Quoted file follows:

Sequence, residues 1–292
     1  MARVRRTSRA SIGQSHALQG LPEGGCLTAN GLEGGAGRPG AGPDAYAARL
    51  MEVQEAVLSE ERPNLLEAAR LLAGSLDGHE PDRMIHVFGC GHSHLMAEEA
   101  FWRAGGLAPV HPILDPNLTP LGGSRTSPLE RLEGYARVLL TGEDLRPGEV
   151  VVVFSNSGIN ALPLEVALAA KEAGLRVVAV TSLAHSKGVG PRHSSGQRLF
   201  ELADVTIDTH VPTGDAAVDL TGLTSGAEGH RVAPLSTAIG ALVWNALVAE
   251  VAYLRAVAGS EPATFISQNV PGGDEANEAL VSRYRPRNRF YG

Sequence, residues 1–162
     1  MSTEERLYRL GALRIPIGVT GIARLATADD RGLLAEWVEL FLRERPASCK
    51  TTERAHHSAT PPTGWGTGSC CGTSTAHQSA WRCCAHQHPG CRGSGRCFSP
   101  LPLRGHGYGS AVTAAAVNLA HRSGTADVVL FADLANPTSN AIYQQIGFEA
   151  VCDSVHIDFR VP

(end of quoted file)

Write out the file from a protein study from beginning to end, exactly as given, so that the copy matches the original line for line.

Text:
Sequence, residues 1–292
     1  MARVRRTSRA SIGQSHALQG LPEGGCLTAN GLEGGAGRPG AGPDAYAARL
    51  MEVQEAVLSE ERPNLLEAAR LLAGSLDGHE PDRMIHVFGC GHSHLMAEEA
   101  FWRAGGLAPV HPILDPNLTP LGGSRTSPLE RLEGYARVLL TGEDLRPGEV
   151  VVVFSNSGIN ALPLEVALAA KEAGLRVVAV TSLAHSKGVG PRHSSGQRLF
   201  ELADVTIDTH VPTGDAAVDL TGLTSGAEGH RVAPLSTAIG ALVWNALVAE
   251  VAYLRAVAGS EPATFISQNV PGGDEANEAL VSRYRPRNRF YG

Sequence, residues 1–162
     1  MSTEERLYRL GALRIPIGVT GIARLATADD RGLLAEWVEL FLRERPASCK
    51  TTERAHHSAT PPTGWGTGSC CGTSTAHQSA WRCCAHQHPG CRGSGRCFSP
   101  LPLRGHGYGS AVTAAAVNLA HRSGTADVVL FADLANPTSN AIYQQIGFEA
   151  VCDSVHIDFR VP